Kumara Mangalam Birla Committee

06/05/2021 1 By indiafreenotes

K.M. Birla Committee was set up by SEBI in the year 2000. In fact, this Committee’s recommendation culminated in the introduction of Clause 49 of the Listing Agreement to be complied with by all listed companies. Practically most of the recommendations were accepted and included by SEBI in its new Clause 49 of the Listing Agreement in 2000.

The main recommendations of the Committee are:

(a) The board of a company should have an optimum combination of executive and non­executive directors with not less than 50% of the board comprising the non-executive directors. In case, a company has a non-executive chairman, at least one-third of board should be comprised of independent directors and in case, a company has an executive chairman, at least half of the board should be independent.

(b) Independent directors are directors who apart from receiving director’s remuneration do not have any other material pecuniary relationship or transaction with the company, its promoters, management or subsidiaries, which in the judgement of the board may affect their independence of judgement.

(c) A director should not be a member in more than ten committees or act as chairman of more than five committees across all companies in which he is a director. It should be a mandatory annual requirement for every director to inform the company about the committee positions he occupies in other companies and notify changes as and when they take place.

(d) The disclosures should be made in the section on corporate governance of the annual report:

  • All elements of remuneration package of all the directors, i.e., salary, benefits, bonus, stock options, pension etc.
  • Details of fixed component and performance linked incentives along with the performance criteria,
  • Service contracts, notice and period, severance fees,
  • Stock option details, if any, and whether issued at a discount as well as the period over which accrued and exercisable.

(e) In case of appointment of a new director or re-appointment of a director, the shareholders must be provided with the information:

  • A brief resume of the director,
  • Nature of his experience in specific functional areas, and
  • Names of companies in which the person also holds the directorship and the membership of committees of the board.

(f) Board meetings should be held at least four times in a year, with a maximum times gap of 4 months between any two meetings. The minimum information (specified by the committee) should be available to the board.

(g) A qualified and independent audit committee should be set up by the board of the company in order to enhance the credibility of the financial disclosures of a company and promote transparency. The committee should have minimum three members, all being non-executive directors, with majority being independent, and with at least one director having financial and accounting knowledge. The chairman of the committee should be an independent director and he should be present at AGM to answer shareholder queries.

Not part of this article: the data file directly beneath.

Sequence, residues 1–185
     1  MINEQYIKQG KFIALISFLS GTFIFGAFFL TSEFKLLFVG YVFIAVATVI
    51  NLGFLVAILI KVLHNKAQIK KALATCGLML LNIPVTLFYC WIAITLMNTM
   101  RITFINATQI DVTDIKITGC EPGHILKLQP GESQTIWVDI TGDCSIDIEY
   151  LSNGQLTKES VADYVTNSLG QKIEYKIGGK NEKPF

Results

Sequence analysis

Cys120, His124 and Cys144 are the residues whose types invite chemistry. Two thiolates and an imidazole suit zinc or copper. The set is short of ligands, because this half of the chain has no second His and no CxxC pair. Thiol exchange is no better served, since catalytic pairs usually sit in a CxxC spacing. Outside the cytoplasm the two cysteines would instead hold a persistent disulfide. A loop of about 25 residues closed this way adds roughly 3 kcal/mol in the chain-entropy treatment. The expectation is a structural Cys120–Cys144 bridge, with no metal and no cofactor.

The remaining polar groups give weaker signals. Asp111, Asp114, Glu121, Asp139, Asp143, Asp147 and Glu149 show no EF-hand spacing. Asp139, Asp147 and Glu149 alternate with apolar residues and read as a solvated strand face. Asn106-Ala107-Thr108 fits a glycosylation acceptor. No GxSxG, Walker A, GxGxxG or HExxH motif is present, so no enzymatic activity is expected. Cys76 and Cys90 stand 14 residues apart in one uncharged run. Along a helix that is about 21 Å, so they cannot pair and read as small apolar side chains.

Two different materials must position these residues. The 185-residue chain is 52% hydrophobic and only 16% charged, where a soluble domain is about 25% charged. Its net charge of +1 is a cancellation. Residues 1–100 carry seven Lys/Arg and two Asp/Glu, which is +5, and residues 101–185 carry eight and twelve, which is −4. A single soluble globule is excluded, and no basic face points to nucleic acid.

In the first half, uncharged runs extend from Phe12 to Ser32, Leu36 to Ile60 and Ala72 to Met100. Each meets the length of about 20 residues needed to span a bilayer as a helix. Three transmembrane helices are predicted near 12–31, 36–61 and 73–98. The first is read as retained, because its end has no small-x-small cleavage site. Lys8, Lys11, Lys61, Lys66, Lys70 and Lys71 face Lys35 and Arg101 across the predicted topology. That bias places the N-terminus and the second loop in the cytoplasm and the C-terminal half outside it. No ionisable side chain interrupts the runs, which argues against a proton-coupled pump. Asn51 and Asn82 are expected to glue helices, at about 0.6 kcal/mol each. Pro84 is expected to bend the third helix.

Finance director and head of internal audit and when required, a representative of the external auditor should be present as invitees for the meetings of the audit committee. The committee should meet at least thrice a year. One meeting should be held before finalization of annual accounts and one necessarily every six months. The quorum of the meeting should be either two members or one-third of the members of the committee, whichever is higher and there should be a minimum of two independent directors.

(h) The board should set up a remuneration committee to determine on their behalf and on behalf of the shareholders with agreed terms of reference, the company’s policy on specific remuneration package for executive directors including pension rights and any compensation payment. The committee should comprise of at least three directors, all of who should be non-executive directors, the chairman of the committee being an independent director.

(i) A board committee under the chairmanship of a non-executive director should be formed to specifically look into the redressal of shareholder complaints like transfer of shares, non-receipt of balance sheet, declared dividends etc., The committee should focus the attention of the company on shareholders’ grievances and sensitize the management of redressal of their grievances,

(j) The companies should be required to give consolidated accounts in respect of all their subsidiaries in which they hold 51% or more of the share capital.

(k) Disclosures must be made by the management to the board relating to all material, financial and commercial transactions, where they have personal interest that may have a potential conflict with the interest of the company at large. All pecuniary relationships or transactions of the non-executive directors should be disclosed in the annual report.

(l) As part of the Directors’ Report or as an additional thereto, a management discussion and analysis report should form part of the annual report to the shareholders.

(m) The half-yearly declaration of financial performance including summary of the significant events in last six months should be sent to each household of shareholders,

(n) The company should arrange to obtain a certificate from the auditors of a company regarding compliance of mandatory recommendations and annex the certificate with the Directors’ Report, which is sent annually to all the shareholders of the company,

(o) There should be a separate section on corporate governance in the annual reports of companies, with a detailed compliance report on corporate governance.